First Published: 2006-02-22

Palestinian brewery to launch 'Hamas' near beer

Beermaker decides to develop non-alcoholic beer brandished with label that matches Hamas's trademark color.


Middle East Online

By Kerry Sheridan - TAYBEH, West Bank

Satisfying non-alcoholic needs in the Palestinian market

Like any good entrepreneur, Palestinian beermaker Nadim Khoury knew that adaptation would be key to his brewery's survival under a government led by the Islamists of Hamas.

So anticipating the hardliners' rise to power in January's general election, Khoury decided to develop a new product - a non-alcoholic microbrew brandished with a label that coordinates perfectly with Hamas's trademark color.

"I figured why not have a green label so it will match?" said Khoury, who runs the Taybeh Brewing Company, the only brewery in the Palestinian territories. "All customers will notice the green for the Hamas flag."

The alcohol-free version of Taybeh beer, with a label inscribed only in Arabic and whose name means "delicious," is to be released this summer and will target the "local market," he said.

Non-alcoholic beer is already popular in a number of conservative Gulf Arab countries which officially ban booze sales.

The lucrative market potential was highlighted by a deal four years ago which saw Egypt's largest brewer of "near-beer," Al-Ahram Beverages, bought by Heineken for 280 million dollars.

Khoury says he will start small with his new beer, maybe only a few hundred bottles at first, but he has big dreams for his brewing factory in the hilltop village of Taybeh, a historically Christian town of about 1,300 people near Ramallah in the West Bank.

A sense of homeland pride and the family's ability to invest more than one million dollars spurred Nadim, who was born in Taybeh, to return after two decades in the United States in order to build the brewery shortly after the signing of the Oslo peace accords in 1993.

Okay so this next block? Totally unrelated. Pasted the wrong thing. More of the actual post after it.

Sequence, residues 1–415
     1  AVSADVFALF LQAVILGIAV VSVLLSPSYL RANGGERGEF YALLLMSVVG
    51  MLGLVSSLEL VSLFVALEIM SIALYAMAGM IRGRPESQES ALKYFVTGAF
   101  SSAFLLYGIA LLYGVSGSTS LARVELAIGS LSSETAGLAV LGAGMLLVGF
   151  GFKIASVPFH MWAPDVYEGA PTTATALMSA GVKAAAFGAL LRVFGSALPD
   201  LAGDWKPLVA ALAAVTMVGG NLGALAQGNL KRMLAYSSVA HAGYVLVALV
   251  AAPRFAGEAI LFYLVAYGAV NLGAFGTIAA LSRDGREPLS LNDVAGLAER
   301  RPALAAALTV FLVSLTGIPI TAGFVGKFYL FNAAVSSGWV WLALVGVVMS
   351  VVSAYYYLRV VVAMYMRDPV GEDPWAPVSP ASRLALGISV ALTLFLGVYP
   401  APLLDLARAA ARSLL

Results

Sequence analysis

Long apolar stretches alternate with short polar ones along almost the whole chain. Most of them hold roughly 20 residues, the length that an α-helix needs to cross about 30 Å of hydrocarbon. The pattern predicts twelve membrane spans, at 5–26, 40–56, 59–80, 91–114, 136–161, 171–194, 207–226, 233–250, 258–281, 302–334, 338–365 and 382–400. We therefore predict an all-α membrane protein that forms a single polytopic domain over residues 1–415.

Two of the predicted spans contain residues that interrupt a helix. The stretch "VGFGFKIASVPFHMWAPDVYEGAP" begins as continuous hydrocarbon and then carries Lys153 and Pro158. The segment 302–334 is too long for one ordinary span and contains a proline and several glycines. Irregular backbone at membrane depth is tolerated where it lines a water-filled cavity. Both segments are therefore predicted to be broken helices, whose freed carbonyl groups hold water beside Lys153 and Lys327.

Now in its 11th year of business, Khoury said the brewery sells the equivalent of about 1.2 million pints per year, though its peak output was more than twice that in 2000 prior to the outbreak of the second intifada against Israeli occupation.

Violence was bad for business, and the intifada brought a wave of harsher regulations in many Palestinian cities.

Khoury hasn't been able to sell his beer in the Gaza Strip for years, since militants torched the home of one of his distribution outlets and radical Islamists effectively made selling alcohol impossible throughout the crowded territory.

But Khoury hopes attitudes will change with his new non-alcoholic beer.

"I don't want to smuggle my beer in Palestine. I believe I have a right to sell mine (in the Gaza Strip)," said Khoury, an unabashed nationalist who touts his beer factory as a boon to the Palestinian people and their economy.

"Every time we sell a bottle of beer it goes toward building the state of Palestine," said Khoury.

Khoury says his first name Nadim means "your friend who sits at the bar with you, your drinking buddy," and his chief product is Taybeh Golden beer, though he also makes a light version and a dark beer.

The Taybeh brews are concocted from four natural ingredients -- malted barley, hops, yeast and pure spring water. Each bottle sells for around one dollar.

The gentle, amber-colored Taybeh Golden is sold in parts of Israel, the West Bank, Britain and Germany.

However, among secular Muslims in the area who do drink alcohol, not all are devoted fans of its mellow taste.

"It's okay. It's good," shrugged one Arab-Israeli taxi driver in Jerusalem, who admitted he hadn't drunk any Taybeh in at least two years.

A waiter at a bar in occupied East Jerusalem said: "I prefer Irish whiskey. Jameson."

Hamas leaders, who now dominate parliament, have not made clear whether or not they will seek to impose conservative sharia law which would impose a wider ban on alcohol.

Khoury remains optimistic.

"I think they (Hamas) are very smart, very educated. I believe they will think twice before they do anything to hurt our business."


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